Business

Tears at Boohoo as cost of living crisis brings growth to a halt

F

ast fashion juggernaut Boohoo today warned sales growth will grind to a halt this year as the cost of living crisis hits shoppers.

The warning came as industry data pointed to the fastest rise in shop prices on record. Boohoo said it hoped to avoid raising its prices but could be forced to by rising costs.

Manchester-based Boohoo painted a bleak picture of the year ahead. “Uncertain consumer demand”, higher levels of returns and continued shipping delays mean revenue will be flat in the first half of this year. Growth for the full year will be, at best, half what it was last year.

That guidance was below City forecasts, sending the stock crashing 8.2p, or 10.3%, to 71.74p.

Boohoo, which also owns brands like Karen Millen, Warehouse and Debenhams, is looking for “efficiencies” in its business and pledged to buy more clothing from factories closer to home to beat supply chain problems. It will hold less stock to keep costs down.

CEO John Lyttle said: “In the year ahead we are focused on optimising our operations through increasing flexibility within our supply chain, landing key efficiency projects and progressing strategic initiatives such as wholesale and our US distribution centre.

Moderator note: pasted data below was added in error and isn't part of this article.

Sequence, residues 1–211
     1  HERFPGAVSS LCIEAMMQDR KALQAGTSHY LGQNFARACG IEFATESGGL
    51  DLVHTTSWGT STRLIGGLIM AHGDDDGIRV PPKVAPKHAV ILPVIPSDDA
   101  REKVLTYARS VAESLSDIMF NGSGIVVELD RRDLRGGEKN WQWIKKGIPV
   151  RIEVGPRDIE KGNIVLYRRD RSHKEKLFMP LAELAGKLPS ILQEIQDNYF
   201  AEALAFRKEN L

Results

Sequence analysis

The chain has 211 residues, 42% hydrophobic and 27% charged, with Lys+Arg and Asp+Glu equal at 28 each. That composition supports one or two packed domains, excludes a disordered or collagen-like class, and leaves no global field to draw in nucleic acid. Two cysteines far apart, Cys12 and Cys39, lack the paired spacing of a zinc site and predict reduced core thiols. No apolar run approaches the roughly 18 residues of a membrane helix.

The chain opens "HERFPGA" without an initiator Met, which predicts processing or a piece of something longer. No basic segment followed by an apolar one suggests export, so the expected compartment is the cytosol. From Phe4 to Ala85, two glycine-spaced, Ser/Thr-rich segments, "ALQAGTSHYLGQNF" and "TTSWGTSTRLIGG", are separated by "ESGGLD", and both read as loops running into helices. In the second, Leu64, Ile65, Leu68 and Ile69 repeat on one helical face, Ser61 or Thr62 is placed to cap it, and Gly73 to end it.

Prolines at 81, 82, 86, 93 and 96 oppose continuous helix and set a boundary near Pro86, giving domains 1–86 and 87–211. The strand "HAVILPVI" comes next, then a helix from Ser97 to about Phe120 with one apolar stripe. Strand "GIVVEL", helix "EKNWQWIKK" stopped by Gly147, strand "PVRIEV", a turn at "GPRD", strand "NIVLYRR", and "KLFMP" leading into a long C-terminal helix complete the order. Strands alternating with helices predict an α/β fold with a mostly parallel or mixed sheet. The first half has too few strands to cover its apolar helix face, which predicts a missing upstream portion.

“This will ensure that the group is well positioned to rebound strongly as pandemic-related headwinds ease.”

Figures published by the British Retail Consortium today showed shop price inflation running at its fastest rate since 2011 and fastest ever for some items like furniture, electronics, and books. BRC chief executive Helen Dickinson said retailers were being forced to raise prices by soaring energy bills and supply chain disruption, prompted by war in Ukraine and new lockdowns in China.

“Retailers will continue to do all they can to keep prices down and deliver value for their customers by limiting price rises and expanding their value ranges, but this will put pressure on them to find cost-savings elsewhere,” she said. “Unfortunately, customers should brace themselves for further price rises and a bumpy road ahead.”

Barclays said Boohoo faced “the most severe headwinds” in the fast fashion sector.

It has grown rapidly in recent years through a string of acquisitions and invested heavily in building new warehouses and expansion in the US. That spending spree ran down cash reserves from £276 million to £1.3 million at the end of February.

Matt Britzman, an equity analyst at Hargreaves Lansdown, said: “The outlook now looks murky at best. Cost and shipping challenges remain very much intact and there’s another tough year on the horizon with revenue and profit growth expected to be hard to come by.”

Boohoo today reported a 14% rise in revenues to £1.9 billion in the 12 months to February 28 but pre-tax profits crashed 94% to just £7.8 million. Both figures were in line with recent guidance.

Shares in the company have fallen by more than 75% in the last year.

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